(Originally featured in Arizona City Independent Edition, October 24, 2007)
In one of my earliest columns, I mentioned baking bread with my handy-dandy newfangled computerized bread-baking machine. Since that column appeared, other tasks interfered with that useful and satisfying task and my bread machine sat idle for several years.
Early this year I discovered that many foods that are fine for most people are poison for me because I’m allergic to many supplements that are added to processed foods to make them healthier. This isn’t the first time I’ve had to shorten my grocery list because of allergies to trace ingredients. For more than ten years, I haven’t been able to eat anything with chemical dyes, and I can’t even tolerate several natural products in that category.
I won’t go into detail about symptoms here, but the upshot is that my already limited diet suddenly shrunk to an extremely short list that took most of the fun out of eating. Despite this, I can still enjoy one fun food that is also pretty good for me. I still get to eat an ounce or two of dark chocolate each day. Thank goodness!
However, I can no longer have any commercial breads or tortillas, both of which I love eating with the few varieties of vegetarian burgers I can still have. For a couple of months I tried holding my sandwiches together with lettuce, but I really missed having bread with my burger. Finally, I decided to find the ingredients for my favorite machine bread that would be safe for me to eat.
Since most flours and margarines contain supplements, I studied package labels until I found at least one version of each item on my list that doesn’t contain any items I’m allergic to. Then I experimented with my favorite bread machine recipe to balance the wet and dry ingredients and make sure the end product tastes good. Along the way, I learned even more about making machine bread than I knew before. Now I turn out a loaf anytime I want, and I enjoy giving my homemade bread to friends.
Before I share my updated bread recipe, here’s the original recipe from my earlier bread-making days:
WHOLE WHEAT & OATMEAL MACHINE BREAD
(large 1 1/2# loaf)
2 tbsp softened butter or margarine
1 egg (or 1/4 cup egg substitute)
1 cup water
2 scant tbsp sugar (or use honey and adjust the amount of water to allow for the extra liquid)
3 slightly heaping tbsp milk powder
scant 1 1/4 tsp salt
1/4 tsp cinnamon
1/4 tsp pure vanilla extract (not artificial flavoring)
1 cup whole wheat bread machine flour
1 1/2 cups unbleached white bread machine flour
1/2 cup rolled oats
2 tsp yeast
Add ingredients to the machine according to manufacturer's directions. The order of ingredients above is arranged for a Magic Chef bread machine. I select full cycle (whole wheat or white) and light crust.
In my latest version of this recipe I no longer use flour formulated specifically for machine bread. Like all commercial brands, those products are enriched with supplements I can’t have. I discovered two products at Wal-Mart, a white and a whole wheat flour, that have no added supplements. The white flour is naturally white and unbleached and both are stone ground, so these are healthier than all the other flours on the shelf.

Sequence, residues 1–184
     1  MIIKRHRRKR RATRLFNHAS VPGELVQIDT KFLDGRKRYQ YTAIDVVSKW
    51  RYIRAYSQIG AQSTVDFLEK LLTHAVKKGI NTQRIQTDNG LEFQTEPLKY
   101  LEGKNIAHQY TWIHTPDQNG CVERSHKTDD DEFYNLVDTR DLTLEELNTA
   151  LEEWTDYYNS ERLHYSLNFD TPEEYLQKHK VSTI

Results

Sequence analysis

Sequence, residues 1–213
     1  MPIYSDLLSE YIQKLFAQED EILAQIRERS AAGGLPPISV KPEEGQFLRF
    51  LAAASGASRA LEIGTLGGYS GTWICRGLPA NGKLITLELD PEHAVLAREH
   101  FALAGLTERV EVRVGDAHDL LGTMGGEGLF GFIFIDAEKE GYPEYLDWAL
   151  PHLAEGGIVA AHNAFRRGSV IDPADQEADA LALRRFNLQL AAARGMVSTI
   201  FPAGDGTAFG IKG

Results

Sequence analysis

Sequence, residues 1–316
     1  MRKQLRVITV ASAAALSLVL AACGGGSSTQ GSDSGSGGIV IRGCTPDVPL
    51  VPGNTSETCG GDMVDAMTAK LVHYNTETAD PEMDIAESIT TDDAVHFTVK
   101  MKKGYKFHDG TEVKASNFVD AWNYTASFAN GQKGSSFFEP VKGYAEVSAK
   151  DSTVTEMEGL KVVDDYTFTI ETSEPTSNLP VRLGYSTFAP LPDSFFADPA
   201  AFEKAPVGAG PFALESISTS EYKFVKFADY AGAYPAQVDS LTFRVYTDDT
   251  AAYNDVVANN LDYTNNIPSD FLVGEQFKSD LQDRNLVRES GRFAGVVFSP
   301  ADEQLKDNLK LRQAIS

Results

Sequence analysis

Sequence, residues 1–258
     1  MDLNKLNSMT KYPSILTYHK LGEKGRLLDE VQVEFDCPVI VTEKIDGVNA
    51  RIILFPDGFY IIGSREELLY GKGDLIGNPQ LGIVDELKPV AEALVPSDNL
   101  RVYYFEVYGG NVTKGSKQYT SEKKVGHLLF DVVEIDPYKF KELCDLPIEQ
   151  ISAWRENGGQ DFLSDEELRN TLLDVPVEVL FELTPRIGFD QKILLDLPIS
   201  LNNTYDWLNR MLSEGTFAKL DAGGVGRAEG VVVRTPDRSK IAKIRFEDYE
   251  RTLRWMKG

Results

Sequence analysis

On the other hand, I found the taste of the stone-ground whole wheat flour to be much stronger than other wheat flours I’ve used, so I cut the amount of wheat flour down to 3/4 cup and raised the white flour to 1 3/4 cups. I also substitute honey for the sugar, so I lower the amount of water by 2 tablespoons to make up for the added liquid. All this gives the bread a nice sweet nutty flavor.
Jim and I don’t drink much milk anymore, so we prefer to use powdered milk and water instead of regular milk. Besides the fact that milk powder is easy to store and keeps well for an extended period of time, the powdered variety is actually healthier than liquid forms of milk. That’s why I use water and milk powder in my bread instead of milk that requires refrigeration and must be used quickly.
If you follow the order of ingredients listed above, the salt goes in before the flours and oats and the yeast is added last. It’s important to keep the yeast and salt separate early in the mixing process. Salt kills yeast before it can begin growing and making the bread rise. I add the flours and oats after the other ingredients, then make a small depression in the middle of the flour and pour the yeast in there. This way the yeast is separated from the salt and the bread rises beautifully over the two hours of kneading and rising before the baking cycle begins during the last hour of operation.
Two more tips I discovered online make my bread even better now than when I was baking several years ago. Adding wheat gluten to whole wheat bread makes it lighter and fluffier than it is without gluten. Reports on the amount of gluten to use range from one teaspoon to one tablespoon for each cup of whole wheat flour in the recipe. I realized that the amount doesn’t matter so much, except the more you use, the lighter the bread turns out to be. I add a scant tablespoon of gluten with the 3/4 cup of whole wheat flour, which seems to work very well.
The last tip solved a problem I had with any machine bread I used to make. Now I turn the hot loaf out from the baking pan, slip a plastic food storage bag over it and quickly seal it up. While the loaf cools on the counter, the plastic bag holds in moisture and keeps the loaf from drying out. In the past, though the bread tasted delicious, it tended to be rather dry and crumbly. Now I get nice soft moist bread, and it tastes great too.